Members of Congress yesterday questioned whether a proposed Education Department reorganization is a "thinly veiled" attempt to dismantle liberal programs. Bureaucrats defended the plan in the name of "efficiency."

The confrontation, which occurred before a joint hearing of the House Education and Labor Committee and the Post Office and Civil Service Committee, was prompted by the department's proposal to trim its work force by another 111 full-time positions, downgrade the office that carries out the Women's Educational Equity Act and cut personnel in programs serving migrants, Indians and educationally disadvantaged children, among others.

Earlier, an Education subcommittee voted, 16 to 2, to approve a resolution reaffirming the importance of the federal government's role in setting national educational priorities and promoting educational equity. Since his 1980 campaign, President Reagan has blamed federal intervention for a decline in the quality of American education.

Rep. William D. Ford (D-Mich.), who chairs the Post Office Committee, crystallized the Democrats' suspicions when he observed that "one person's reorganization for managerial efficiency is another person's reorganization to eliminate the program."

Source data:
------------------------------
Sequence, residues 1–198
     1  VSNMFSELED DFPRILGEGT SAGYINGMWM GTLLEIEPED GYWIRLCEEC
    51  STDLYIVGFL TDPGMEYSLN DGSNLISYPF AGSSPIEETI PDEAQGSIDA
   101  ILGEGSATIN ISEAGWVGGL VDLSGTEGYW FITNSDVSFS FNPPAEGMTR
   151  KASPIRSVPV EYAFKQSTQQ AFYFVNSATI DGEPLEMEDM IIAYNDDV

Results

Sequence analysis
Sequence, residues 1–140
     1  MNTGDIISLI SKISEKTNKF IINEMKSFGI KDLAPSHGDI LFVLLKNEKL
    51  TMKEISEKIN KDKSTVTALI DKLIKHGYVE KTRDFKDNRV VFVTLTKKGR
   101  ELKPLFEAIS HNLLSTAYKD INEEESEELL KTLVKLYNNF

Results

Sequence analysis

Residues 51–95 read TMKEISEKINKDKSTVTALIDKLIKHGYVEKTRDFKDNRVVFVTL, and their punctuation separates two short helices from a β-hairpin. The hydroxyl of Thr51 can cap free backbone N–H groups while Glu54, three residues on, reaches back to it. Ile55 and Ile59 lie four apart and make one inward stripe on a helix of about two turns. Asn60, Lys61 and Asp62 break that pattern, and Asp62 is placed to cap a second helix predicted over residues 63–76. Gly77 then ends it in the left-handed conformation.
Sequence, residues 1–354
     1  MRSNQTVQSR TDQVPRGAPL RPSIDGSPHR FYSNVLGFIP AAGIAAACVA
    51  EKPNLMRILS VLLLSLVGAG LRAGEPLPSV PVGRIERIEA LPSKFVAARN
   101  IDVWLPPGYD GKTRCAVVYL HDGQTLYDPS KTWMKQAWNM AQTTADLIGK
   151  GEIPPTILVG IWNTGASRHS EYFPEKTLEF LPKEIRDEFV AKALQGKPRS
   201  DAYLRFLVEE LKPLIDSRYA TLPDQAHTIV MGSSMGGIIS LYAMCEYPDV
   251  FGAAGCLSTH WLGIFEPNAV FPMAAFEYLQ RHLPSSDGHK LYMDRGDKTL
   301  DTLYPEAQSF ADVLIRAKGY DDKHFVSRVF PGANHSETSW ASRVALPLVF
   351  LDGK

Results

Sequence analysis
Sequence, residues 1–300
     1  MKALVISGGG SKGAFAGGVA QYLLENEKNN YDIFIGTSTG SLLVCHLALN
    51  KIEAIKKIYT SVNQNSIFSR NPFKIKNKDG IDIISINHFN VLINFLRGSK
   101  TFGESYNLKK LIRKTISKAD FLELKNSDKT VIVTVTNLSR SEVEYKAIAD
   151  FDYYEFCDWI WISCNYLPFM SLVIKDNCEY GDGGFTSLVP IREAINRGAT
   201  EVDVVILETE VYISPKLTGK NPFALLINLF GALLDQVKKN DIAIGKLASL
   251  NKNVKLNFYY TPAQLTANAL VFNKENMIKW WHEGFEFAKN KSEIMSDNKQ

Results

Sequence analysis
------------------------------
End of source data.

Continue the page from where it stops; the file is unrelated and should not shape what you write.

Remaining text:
Rep. Pat Williams (D-Mont.) escalated the morning's already high-pitched rhetoric when he accused "consevative elements" of setting out a "master plan for what appears to be simple changes for efficiency's sake ," when, in fact, "the right wing has an almost uncontrollable fear of education as it's now being administered in this country, and this is but one element of a large plan to change American education."

Charles L. Heatherly, undersecretary of Education for management, and Lawrence Davenport, assistant secretary for elementary and secondary education, who is presiding over the reorganization plan, said that they have no intention of subverting the programs affected by the reorganization, and justified the proposals on the basis of efficiency.

Heatherly refused to back away from his defense of the pending reduction in force, which is taking place in a department whose staff has been trimmed 25 percent in the past two years. Both he and Davenport said that the same work would be done processing grant applications, distributing money and offering technical assistance to state and local school districts.

Heatherly, however, reiterated his objections to some of the affected programs. Asked by Rep. Patricia Schroeder (D-Colo.) if he still feels the WEEA program is an example of a "feminist network . . . feeding at the federal trough," a statement made in a 1981 Heritage Foundation article he edited, Heatherly said, "after two years in the department . . . I'm convinced of it."